Over the course of 2021, I’ve come to realize how addicted I am to Youtube. This may be a controversial statement, but I’ll stick to it – Youtube is Google’s most successful and best social network, and with how quickly video is becoming the standard media type for consumption, it’s clearly on track to win as the dominant social network. Here are just some quick stats that enforce this according to Hootsuite’s blog:
- YouTube has more than 2 billion logged-in monthly users
- YouTube is the world’s second-most visited website
- It’s also the world’s second-most used social platform
- People watch more than a billion hours of video on YouTube every day
On top of all of this, it’s recently opened up the Community tab for all content creators with at least 500 subscribers, so we’re seeing way more text-based posts on the platform. If you really think about it, the mix of text and video now makes Youtube more like a traditional social network with video at its core. When you consider how many views any particular video gets in addition to how many comments they rack up, it’s kind of nuts to realize how active Youtube is as a social network!
With all of that said, I’ve been taking advantage of a few great Chrome extensions throughout this year that I wanted to share with you all. These will enhance your viewing experience, and honestly, I’m not sure why they aren’t already a part of the service! There are obviously many more great extensions that you can find on the Chrome web store, but these are the ones that I’ve found to be the most useful and gratifying thus far. So, without any further ado, let’s take a look at my top five!
Here’s my latest addition to the list, and honestly, it’s quickly becoming my favorite. Rounded Tube does to Youtube what Google should have done long ago – it adds rounded corners to all of your video thumbnails, and even to the main video player while you’re watching a video. If you look at what the company is doing to Google News, Discover, Play Books, and pretty much every other aspect of its ecosystem, you’ll see rounded corners.
However, Youtube itself feels stuck in the 2010s (I know, first-world problems, right?) Sharp, squared-off corners make for a less pleasant experience while browsing and watching, and while many probably wouldn’t notice or care too much, I’ve found it’s disconnected me from the cohesive look and feel of Google’s other services. Install this and refresh your page to see the magic happen before your very eyes!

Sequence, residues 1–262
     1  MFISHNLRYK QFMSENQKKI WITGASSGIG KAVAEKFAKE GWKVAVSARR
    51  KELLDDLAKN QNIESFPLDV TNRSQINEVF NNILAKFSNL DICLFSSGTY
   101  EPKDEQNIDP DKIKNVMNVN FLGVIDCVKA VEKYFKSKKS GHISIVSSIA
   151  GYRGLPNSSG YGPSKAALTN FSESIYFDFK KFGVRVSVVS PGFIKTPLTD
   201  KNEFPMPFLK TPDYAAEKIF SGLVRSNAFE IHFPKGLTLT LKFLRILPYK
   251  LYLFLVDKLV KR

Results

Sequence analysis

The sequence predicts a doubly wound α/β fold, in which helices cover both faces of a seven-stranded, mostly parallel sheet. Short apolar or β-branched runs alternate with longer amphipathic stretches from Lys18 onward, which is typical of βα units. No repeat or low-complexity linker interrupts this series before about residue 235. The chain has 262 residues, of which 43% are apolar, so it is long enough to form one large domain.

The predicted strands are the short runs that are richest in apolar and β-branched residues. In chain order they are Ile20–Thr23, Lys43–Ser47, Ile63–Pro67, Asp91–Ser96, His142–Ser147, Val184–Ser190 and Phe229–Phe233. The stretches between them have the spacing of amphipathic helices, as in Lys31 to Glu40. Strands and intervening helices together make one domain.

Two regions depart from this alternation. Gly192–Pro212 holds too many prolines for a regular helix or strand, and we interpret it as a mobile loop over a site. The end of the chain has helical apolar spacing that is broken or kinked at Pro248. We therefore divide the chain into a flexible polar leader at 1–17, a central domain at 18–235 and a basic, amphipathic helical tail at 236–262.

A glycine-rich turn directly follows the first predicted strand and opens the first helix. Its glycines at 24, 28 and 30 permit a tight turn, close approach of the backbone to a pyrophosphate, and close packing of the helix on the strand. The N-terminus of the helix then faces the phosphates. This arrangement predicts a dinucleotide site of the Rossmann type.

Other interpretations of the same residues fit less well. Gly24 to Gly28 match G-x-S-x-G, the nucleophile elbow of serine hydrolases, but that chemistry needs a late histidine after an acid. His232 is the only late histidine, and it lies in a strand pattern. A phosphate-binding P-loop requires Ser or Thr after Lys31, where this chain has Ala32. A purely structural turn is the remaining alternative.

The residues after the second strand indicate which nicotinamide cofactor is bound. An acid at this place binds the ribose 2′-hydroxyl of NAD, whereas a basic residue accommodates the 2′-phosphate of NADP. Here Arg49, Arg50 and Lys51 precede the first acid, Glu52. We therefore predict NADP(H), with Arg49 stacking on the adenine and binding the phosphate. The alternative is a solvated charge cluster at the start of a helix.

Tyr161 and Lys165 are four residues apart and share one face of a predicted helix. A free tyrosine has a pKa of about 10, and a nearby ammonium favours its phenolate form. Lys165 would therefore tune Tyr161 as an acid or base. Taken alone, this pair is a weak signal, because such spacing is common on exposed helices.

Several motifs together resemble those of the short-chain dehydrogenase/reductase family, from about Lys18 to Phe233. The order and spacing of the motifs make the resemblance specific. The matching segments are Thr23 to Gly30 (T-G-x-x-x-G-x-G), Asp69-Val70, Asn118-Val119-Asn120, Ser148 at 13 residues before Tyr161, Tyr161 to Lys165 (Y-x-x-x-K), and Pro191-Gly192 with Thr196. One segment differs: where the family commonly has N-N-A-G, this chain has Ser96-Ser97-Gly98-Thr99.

One thing to note, though, is that if the content creator uploaded the Youtube video with a thumbnail that’s got a border, you’ll see that the illusion of the rounded corners is broken by the squared-off edges of the border within the image, so your mileage may vary. Still, it’s a fantastic addition to your Extensions, and now that I have it, I simply can’t live without it. Here’s to hoping that Google rounds off the corners on Youtube sooner rather than later since it is about to be 2022.
PocketTube: Youtube Subscription Manager
By far my most used and useful extension is PocketTube. Back in the day, Google allowed you to organize your subscriptions into categories for easier segregation of topics, and while its new smart chips at the top of the homepage and of searches are super useful and welcome, nothing beats a clear-cut grouping system.
After installing PocketTube, you just scroll down below your subscriptions on the left sidebar of the website and begin grouping things. You can also add channels to a group from the channel’s homepage too, which is great. Choosing an icon allows you to quickly identify them while browsing. You can see an example of this below.